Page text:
Now Available - ER Video and Scheduled In-Person Visits
Kaleida Health logo

Contact Information

Buffalo General Medical Center
100 High Street
Buffalo, NY 14203

DeGraff Medical Park
445 Tremont Street
North Tonawanda, NY 14120

Gates Vascular Institute (GVI)
875 Ellicott Street
Buffalo, NY 14203

Millard Fillmore Suburban Hospital
1540 Maple Road
Williamsville, NY 14221

MyKaleida ad

Spirit of Women ad

Cardiac Services
Percutaneous Coronary Intervention (angioplasty)

Percutaneous coronary intervention (PCI) is also referred to as angioplasty or cardiac catheterization and includes a variety of procedures used to treat patients with diseased arteries of the heart, such as:

  • Chest pain caused by a build-up of fats, cholesterol, and other substances from the blood (referred to as plaque) that can reduce blood flow to a near trickle
  • A heart attack caused by a large blood clot that completely blocks the artery

Percutaneous coronary intervention is a non-surgical treatment for blocked or narrowed passages in one or more of the coronary arteries and can be done in several ways, including:

Balloon angioplasty
Performed by threading a catheter (thin tube) with a balloon on the end through the groin or wrist into the narrowed artery. The balloon is then inflated at high pressure one or more times, depending on the severity of the narrowing or blockage, to widen the artery and allow blood to flow more easily through it.
Bare metal stent implantation
A balloon catheter is used to move a thin metal scaffolding (a stent) into a narrowed coronary artery. The balloon catheter is inflated, which expands the stent to support the arterial wall and keep it dilated. The stent remains in the artery permanently and is effective at preventing re-narrowing of the artery. Over the following weeks, cells form a natural covering that will hold the stent firmly in place. Because the stent is a foreign object in the coronary artery, patients should receive a stent card that describes the type, date and location of the stent. No metal detectors will be set off due to stent implantation.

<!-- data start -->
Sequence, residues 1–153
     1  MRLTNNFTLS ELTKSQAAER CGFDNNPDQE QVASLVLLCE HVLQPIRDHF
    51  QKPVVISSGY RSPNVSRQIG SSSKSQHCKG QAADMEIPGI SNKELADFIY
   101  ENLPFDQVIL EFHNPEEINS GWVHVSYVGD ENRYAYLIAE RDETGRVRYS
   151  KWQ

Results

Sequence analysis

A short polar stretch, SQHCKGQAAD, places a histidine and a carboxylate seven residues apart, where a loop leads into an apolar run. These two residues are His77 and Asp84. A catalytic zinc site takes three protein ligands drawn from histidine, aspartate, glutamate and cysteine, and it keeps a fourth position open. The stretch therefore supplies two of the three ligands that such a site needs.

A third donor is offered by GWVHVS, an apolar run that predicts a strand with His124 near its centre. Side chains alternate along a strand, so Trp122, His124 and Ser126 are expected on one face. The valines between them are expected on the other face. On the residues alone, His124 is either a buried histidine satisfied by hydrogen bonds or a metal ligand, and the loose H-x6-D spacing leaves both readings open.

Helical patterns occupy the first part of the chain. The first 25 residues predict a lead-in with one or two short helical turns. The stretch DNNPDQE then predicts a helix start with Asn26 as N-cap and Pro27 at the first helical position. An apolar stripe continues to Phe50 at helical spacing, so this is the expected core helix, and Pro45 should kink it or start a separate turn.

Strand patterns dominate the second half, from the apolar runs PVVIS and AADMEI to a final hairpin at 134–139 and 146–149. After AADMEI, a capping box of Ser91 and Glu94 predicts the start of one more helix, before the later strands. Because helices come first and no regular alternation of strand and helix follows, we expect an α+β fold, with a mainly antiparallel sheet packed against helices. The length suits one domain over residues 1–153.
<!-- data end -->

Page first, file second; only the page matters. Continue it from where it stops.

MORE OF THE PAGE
Drug-eluting stents
A more recent option in angioplasty, slowly releasing drugs that help prevent scar tissue from forming inside the stent during the healing process. Older stents sometimes caused new blockages to form and a return of symptoms, which often required another stenting procedure.

The following physicians perform these procedures:

Great Lakes Cardiovascular
(716) 710-8266
Vijay Iyer, MD, PhD
David Zlotnick, MD
Kishor Phadke, MD
William Morris, MD
Eli Farhi, MD
Philip R. Sullivan, MD
Ranjan Bhayana, MD
David Carlson, MD
James Conley, MD
Kinan Dalal, MD
Donald Switzer, MD
Chee Kim, MD
Ashish Bhatia, MD
Hashmat Ashraf, MD
Gary Grosner, MD
Janerio Aldridge, MD, FACS
Jeffrey Stahl, DO

Neil Dashkoff, MD
John Visco, MD